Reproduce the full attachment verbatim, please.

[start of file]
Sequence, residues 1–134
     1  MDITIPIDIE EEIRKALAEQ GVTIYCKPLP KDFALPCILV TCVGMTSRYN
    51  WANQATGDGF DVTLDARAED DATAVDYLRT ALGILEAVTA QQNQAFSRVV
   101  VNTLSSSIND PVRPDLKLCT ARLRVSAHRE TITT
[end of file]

Sequence, residues 1–134
     1  MDITIPIDIE EEIRKALAEQ GVTIYCKPLP KDFALPCILV TCVGMTSRYN
    51  WANQATGDGF DVTLDARAED DATAVDYLRT ALGILEAVTA QQNQAFSRVV
   101  VNTLSSSIND PVRPDLKLCT ARLRVSAHRE TITT